In 1999, RBS (“before it was a very big institution”) committed £100 million on the condition that Mallin was able to raise a further £200 million. With no income – but with employees, lawyers and a fundraising process to pay for – Mallin went knocking on doors. Unfortunately, many of those doors remained shut. This was the height of the dotcom boom and anyone not talking the high-tech jargon of the day struggled to be understood.
Mallin recalls: “I started presentations and said ‘I can make you a return of 20 to 25 percent from real assets’, and someone would stop me after about five minutes and say ‘we make 25 percent a week here. What’s your internet strategy’?” Even for a character as apparently calm and unruffled as Mallin – who has the ability to fix you in a slightly unnerving stare before revealing a disarmingly warm smile – such experiences would have been testing.
He concedes it was the “low point” and that, while he firmly believed the dotcom bubble would burst eventually, he had no idea how long it would take. Luckily, he didn’t have to wait too long – the world caved in on internet-based companies in the summer of 2000 and people “started to wake up”. Suddenly, the momentum was with Mallin. Not only did he reach his £300 million minimum target, he almost doubled it – wrapping the fund up on £580 million. The fund ended up doing “extremely well” Mallin reflects.
THIS IS NOT RETAIL
So what’s the hallmark of a Star investment, and how has the firm delivered the level of return referred to in the opening paragraph? As a first step, Mallin looks for businesses whose offering – whether a product or service – is not just something customers like to have, it’s something strategic that they simply cannot do without. “So it’s unlike retail, where you hope the customer turns up tomorrow but you don’t know,” says Mallin.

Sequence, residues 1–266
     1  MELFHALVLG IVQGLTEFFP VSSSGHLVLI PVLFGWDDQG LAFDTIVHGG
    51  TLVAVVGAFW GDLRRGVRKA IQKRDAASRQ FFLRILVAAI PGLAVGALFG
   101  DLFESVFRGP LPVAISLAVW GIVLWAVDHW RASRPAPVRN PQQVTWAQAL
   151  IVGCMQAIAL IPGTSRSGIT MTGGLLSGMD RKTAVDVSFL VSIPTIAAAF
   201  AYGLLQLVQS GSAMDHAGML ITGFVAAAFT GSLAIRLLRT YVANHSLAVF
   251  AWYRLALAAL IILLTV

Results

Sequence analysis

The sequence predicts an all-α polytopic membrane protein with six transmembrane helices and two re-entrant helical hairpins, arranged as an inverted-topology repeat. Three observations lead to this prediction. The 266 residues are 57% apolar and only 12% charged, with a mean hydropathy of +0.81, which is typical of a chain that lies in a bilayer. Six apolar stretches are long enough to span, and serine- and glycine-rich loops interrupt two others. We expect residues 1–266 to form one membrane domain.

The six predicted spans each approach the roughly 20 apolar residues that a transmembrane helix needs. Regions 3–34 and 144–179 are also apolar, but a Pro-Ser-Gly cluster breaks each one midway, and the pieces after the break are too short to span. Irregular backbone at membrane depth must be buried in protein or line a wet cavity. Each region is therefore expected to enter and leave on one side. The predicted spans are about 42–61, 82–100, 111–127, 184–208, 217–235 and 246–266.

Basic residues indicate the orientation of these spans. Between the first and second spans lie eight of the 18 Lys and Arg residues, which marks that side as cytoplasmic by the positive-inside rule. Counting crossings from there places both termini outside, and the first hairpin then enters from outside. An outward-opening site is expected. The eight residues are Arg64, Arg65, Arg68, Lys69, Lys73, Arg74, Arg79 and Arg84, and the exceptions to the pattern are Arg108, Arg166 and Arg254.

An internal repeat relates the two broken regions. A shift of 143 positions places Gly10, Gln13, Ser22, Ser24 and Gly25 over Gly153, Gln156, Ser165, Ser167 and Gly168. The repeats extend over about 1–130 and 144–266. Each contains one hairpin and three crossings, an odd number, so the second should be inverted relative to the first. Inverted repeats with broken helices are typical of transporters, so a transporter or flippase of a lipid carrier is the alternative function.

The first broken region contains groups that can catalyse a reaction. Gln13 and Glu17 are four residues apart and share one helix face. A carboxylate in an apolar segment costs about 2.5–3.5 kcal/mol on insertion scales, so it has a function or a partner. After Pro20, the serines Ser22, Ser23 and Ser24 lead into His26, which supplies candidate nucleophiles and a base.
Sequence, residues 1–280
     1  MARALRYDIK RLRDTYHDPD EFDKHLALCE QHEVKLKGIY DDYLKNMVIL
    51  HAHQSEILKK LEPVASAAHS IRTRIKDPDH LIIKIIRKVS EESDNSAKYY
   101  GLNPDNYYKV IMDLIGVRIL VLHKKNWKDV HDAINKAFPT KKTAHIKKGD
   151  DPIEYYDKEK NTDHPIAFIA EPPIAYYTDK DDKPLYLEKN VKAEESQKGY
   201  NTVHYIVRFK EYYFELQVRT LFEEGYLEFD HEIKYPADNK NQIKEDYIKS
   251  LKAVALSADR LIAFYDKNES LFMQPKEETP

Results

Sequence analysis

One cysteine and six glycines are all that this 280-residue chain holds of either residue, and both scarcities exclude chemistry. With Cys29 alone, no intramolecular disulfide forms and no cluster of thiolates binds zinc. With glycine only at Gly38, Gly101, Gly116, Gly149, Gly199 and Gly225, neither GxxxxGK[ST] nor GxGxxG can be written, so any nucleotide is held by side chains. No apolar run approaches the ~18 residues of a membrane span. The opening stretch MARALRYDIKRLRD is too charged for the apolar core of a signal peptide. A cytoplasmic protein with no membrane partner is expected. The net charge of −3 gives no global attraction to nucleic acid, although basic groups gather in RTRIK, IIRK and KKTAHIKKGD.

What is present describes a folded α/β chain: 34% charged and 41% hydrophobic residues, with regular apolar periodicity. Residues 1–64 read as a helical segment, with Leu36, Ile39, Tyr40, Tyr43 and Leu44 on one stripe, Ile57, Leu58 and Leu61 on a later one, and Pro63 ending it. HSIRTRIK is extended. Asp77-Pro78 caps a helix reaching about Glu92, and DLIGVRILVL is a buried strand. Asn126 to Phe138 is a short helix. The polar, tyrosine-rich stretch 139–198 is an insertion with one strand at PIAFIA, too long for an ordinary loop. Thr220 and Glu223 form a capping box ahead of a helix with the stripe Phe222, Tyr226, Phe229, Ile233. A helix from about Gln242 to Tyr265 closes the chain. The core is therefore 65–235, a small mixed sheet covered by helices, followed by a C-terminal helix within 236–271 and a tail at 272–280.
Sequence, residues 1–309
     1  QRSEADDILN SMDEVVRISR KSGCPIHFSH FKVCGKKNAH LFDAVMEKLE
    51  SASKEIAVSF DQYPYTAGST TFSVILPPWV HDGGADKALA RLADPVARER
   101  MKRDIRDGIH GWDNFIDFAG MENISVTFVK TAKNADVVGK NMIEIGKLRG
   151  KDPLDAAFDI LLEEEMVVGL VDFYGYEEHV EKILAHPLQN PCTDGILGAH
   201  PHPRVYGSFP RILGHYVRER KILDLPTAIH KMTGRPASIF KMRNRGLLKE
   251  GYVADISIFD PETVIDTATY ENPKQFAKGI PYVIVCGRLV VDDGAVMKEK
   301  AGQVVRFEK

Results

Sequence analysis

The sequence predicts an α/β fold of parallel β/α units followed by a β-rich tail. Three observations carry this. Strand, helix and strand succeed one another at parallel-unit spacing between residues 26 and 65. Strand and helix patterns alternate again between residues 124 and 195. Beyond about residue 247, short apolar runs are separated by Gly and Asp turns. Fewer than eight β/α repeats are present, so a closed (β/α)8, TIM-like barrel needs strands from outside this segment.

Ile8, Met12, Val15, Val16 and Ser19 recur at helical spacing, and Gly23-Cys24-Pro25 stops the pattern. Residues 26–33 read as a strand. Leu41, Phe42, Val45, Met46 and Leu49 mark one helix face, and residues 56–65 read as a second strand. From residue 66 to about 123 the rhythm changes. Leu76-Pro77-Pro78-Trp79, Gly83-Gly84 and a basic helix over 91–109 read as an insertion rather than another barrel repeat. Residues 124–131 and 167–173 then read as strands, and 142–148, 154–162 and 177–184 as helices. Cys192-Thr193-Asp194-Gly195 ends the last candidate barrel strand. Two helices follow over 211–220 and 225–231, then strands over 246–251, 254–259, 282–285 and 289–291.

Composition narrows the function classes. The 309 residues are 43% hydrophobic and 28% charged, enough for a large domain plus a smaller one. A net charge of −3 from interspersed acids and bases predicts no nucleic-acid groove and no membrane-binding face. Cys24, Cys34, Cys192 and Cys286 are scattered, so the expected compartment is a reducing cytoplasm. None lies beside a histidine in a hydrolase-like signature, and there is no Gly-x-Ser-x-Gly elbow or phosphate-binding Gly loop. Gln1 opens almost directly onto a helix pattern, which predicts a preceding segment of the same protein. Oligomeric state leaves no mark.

He adds that Star also targets assets “where the downside is limited so your capital is protected, and there are levers you can pull to create an upside”. As an example, he cites Blohm + Voss, a marine industry business acquired from Germany’s ThyssenKrupp in January 2012.
The business was known for building super-yachts such as the Eclipse, the world’s second-largest luxury yacht, owned by billionaire Russian businessman and Chelsea football club owner Roman Abramovich. However, says Mallin, underneath this cherry on the cake which has been a graveyard area for investors were “three other businesses, one of which had all the hallmarks we look for and underpinned the entire value of the business”.
This hidden jewel was Blohm + Voss Industries (BVI), which makes seals used in ships’ propulsion systems. “There are only three businesses in the world that make these things,” Mallin points out. “So it had 30 percent of the world’s shipping as a customer. Ships need to be tested for seaworthiness every three or four years and, during that process, they have to have all their seals changed. So one-third of the world’s ships had to come back to BVI on a repeat basis. We had cash flows as far ahead as the eye could see.”
In January this year, Star sold BVI to Sweden’s SKF Group. It retained control of Blohm + Voss’s shipbuilding and repair businesses.
‘POLITICIANS LOVE IT’